"Fuhrmann & Schmidt had family flavor" article from the Shamokin News-Item

The Fuhrmann and Schmidt Brewing Co. was a family business in more ways than one. It was a business that attracted members of different generations of families - and those of the same generation.

This held true for Max Schmidt - who co-founded the brewery in 1895 with P.H. Fuhrmann - and his son Frank W. Schmidt, who served as president of the firm for nearly two decades. It also held true for a considerable number of the employees.

When Francis "Punch" Zielinskie of Coal Township traces his family tree, quite a few branches have F&S foam on them. His grandfather Frank Omlor was longtime master brewmaster at F&S. His father Alphonse "Ike" Zielinskie worked there from 1933 until the brewery was closed. His uncle Jerome Zielinskie was employed there for many years, as was his father-in-law Sam Kolonoski who started his long employment there in 1934.

"There were quite a few brothers who worked there," recalled "Punch" "There were the Appeals, "Nibs" and "Bob," the Gemberlings, the Grow brothers, the Mudrick brothers, the Maerkls," he said, noting the Kasemen family was also associated with the operation.

These family ties and the relatively laid-back atmosphere of a "small" brewery led to the other type of family at F&S - a family atmosphere among management and employees. "They were always together, even when they had their union meetings," said Zielinskie. "They got just about everyone at those union meetings." And when you have families, you're sure to have memories and anecdotes.

Some are from a general nature. Zielinskie recalls the week of preparations it would take to get ready for the annual clambake his grandfather Frank Omlor would stage for members of the Master Brewmaster Association of the Eastern United States.

"Another thing they always did at F&S was try to find the ugliest Christmas tree they could find" said Zielinskie "And I mean they use to get some ugly ones, all the decorations where made at the brewery - bottle caps, coasters, empty cans, labels."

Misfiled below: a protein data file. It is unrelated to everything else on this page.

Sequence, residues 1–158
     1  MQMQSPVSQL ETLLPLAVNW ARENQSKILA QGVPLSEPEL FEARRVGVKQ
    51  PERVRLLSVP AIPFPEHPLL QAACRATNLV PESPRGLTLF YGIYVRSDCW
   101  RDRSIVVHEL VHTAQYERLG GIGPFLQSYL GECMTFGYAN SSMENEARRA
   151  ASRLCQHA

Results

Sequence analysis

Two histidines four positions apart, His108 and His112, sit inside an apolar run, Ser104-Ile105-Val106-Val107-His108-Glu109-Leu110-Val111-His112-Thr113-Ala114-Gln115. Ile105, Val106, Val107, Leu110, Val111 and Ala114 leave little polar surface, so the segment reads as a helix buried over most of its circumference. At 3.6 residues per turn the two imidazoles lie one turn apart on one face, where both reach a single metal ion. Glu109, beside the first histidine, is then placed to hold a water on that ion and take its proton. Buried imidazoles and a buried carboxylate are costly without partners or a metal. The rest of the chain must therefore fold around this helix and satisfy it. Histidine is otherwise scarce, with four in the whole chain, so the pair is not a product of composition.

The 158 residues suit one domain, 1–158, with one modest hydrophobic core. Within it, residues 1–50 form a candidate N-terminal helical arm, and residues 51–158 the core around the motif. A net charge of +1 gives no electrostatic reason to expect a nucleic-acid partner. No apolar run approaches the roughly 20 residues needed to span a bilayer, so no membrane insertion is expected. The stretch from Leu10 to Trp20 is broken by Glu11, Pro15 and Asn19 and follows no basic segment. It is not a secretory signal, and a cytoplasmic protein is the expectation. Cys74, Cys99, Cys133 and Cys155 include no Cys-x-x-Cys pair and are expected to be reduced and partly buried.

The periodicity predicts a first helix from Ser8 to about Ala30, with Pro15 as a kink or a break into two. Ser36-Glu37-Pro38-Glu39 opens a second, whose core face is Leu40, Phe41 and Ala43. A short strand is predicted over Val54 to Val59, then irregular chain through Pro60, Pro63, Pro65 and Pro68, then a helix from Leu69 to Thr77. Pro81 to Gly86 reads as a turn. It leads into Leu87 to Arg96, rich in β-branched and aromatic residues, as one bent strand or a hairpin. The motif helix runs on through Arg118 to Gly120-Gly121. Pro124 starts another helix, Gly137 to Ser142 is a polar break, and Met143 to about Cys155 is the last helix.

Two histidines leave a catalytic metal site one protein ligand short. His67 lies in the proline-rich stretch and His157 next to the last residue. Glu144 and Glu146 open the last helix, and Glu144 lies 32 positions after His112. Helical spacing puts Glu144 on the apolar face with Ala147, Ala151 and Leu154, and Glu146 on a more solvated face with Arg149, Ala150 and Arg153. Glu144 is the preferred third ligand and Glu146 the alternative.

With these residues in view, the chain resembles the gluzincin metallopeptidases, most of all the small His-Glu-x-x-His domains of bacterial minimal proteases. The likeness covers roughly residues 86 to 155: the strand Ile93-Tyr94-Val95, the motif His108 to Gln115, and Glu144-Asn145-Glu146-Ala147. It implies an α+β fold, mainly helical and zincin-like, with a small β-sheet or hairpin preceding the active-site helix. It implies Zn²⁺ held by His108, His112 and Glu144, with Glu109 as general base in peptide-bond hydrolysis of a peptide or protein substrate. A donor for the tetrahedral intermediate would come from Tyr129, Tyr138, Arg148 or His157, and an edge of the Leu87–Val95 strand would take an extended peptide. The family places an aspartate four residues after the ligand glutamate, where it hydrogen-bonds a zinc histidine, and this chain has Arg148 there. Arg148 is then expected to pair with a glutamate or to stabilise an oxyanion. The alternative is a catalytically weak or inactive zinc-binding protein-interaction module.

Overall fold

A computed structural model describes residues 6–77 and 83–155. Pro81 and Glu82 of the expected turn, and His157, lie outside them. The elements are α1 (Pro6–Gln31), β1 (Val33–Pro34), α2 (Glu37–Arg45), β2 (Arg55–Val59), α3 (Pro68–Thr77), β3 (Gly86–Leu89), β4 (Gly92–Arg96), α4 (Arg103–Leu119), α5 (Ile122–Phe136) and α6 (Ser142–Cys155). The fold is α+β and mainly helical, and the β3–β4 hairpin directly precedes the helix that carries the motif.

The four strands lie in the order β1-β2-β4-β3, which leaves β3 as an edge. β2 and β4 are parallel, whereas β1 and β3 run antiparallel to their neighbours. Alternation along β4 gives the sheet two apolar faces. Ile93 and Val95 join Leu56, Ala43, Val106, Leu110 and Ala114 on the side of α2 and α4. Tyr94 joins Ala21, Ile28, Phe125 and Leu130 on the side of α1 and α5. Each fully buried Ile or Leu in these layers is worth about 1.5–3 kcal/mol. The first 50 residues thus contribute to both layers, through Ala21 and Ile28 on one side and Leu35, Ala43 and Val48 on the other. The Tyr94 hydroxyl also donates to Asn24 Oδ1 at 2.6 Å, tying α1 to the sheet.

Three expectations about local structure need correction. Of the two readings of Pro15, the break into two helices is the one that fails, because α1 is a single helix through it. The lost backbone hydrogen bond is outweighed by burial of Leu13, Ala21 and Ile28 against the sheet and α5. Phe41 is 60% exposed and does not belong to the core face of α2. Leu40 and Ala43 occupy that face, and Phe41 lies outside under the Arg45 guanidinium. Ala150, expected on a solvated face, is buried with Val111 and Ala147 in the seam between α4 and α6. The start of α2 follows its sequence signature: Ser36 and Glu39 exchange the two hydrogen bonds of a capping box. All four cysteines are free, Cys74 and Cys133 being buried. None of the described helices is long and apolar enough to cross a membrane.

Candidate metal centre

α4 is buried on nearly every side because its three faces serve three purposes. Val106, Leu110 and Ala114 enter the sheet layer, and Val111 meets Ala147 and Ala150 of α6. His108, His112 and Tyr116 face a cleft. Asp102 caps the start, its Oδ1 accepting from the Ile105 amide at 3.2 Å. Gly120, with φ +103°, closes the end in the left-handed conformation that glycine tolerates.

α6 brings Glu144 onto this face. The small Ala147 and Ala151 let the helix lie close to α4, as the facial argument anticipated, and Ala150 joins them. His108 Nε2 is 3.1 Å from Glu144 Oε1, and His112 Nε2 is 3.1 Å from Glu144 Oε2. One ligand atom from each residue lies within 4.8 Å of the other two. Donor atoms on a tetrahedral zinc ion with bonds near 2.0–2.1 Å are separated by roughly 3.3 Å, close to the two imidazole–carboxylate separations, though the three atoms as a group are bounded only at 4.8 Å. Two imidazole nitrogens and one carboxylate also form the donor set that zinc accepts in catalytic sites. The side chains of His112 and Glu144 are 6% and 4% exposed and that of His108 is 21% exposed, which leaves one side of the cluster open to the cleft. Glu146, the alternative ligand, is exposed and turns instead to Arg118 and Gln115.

Another Christmas tradition involved bartering with another long-gone Shamokin buisness, Martz's Dairy. "They'd make eggnog and trade a case of beer with Martz's for every case of milk or cream they needed for the eggnog."

Robert F. Appeal, who worked at F&S for over 35 years, gets a gleam in his eye's when he recalls the craftsmanship of some of his co-workers and the antics of others. There was a skilled cheif mechanic named William "Bizz" Thew "He was all over the brewery recalled Appeal, "You didn't have much down time for anything... He was a mechanical genius."

Then there was a cooper (barrel maker) by the name of Andrew Mihalik who lived on Bunker Hill. "He was a real craftsmen," said Appeal. "He would take the barrels apart because they were leaking, He was a real master, He would put them barrels together and there wouldn't be a drop out of them."

On the other end of the workmanship scale was a guy known as "Wagon Tongue John" so named because of his habit of putting pipes together -barely- Appeal said anytime steam started to escape from a loosely connected pipe, they could be sure that "Wagon Tongue John" had been involved.

He also laughed as he recalled the exaggerations of a boiler room employee with "extensive" work experience. Appeal said this guy would say that he has spent so many years in the boiler room , so many years at another job in the brewery and so on. "Until he got done, he was a 135 years old and had worked there 300 years."

Zielinskie recalled the skill of "Dutch" Deitrich, a salesmen, at setting up F&S displays in barrooms throughout the region. Incidentally, the "Dutch" nickname proved to be well earned when he spoke Pennsylvania Dutch to peddle F&S in taprooms in the "valleys"

One anecdote may sum up the mixture of hard work and good humor found at F&S Brewery. Frank Olmor was a master brewmaster, but he "He liked his fun" as his grandson recalls. "The fellow who use to put the seals across the barrels of beer used glue, it was thick stuff," said Zielinskie,"And every time one of the workers from the racking room would come by and turn the brush upside down and put it back in the glue."

A hand full of glue gets old mighty quickly, so the justifiably upset barrel labeler went to Olmor to vent his rage. The brewmaster called the employees into the office and told them in no uncertain terms he wanted the upside brush work to stop immediately. "My dad said that when every one left my grandfather, went out of the room and put the handle of the brush in the glue," Zielinskie said.

Article written by Walter Kozlowski
Shamokin News-Item Assistant Editor
Wed. February 28, 1996

source: http://web.archive.org/web/20041022070155/www.haywired.com/stahkalien/FAMILYflavor.html

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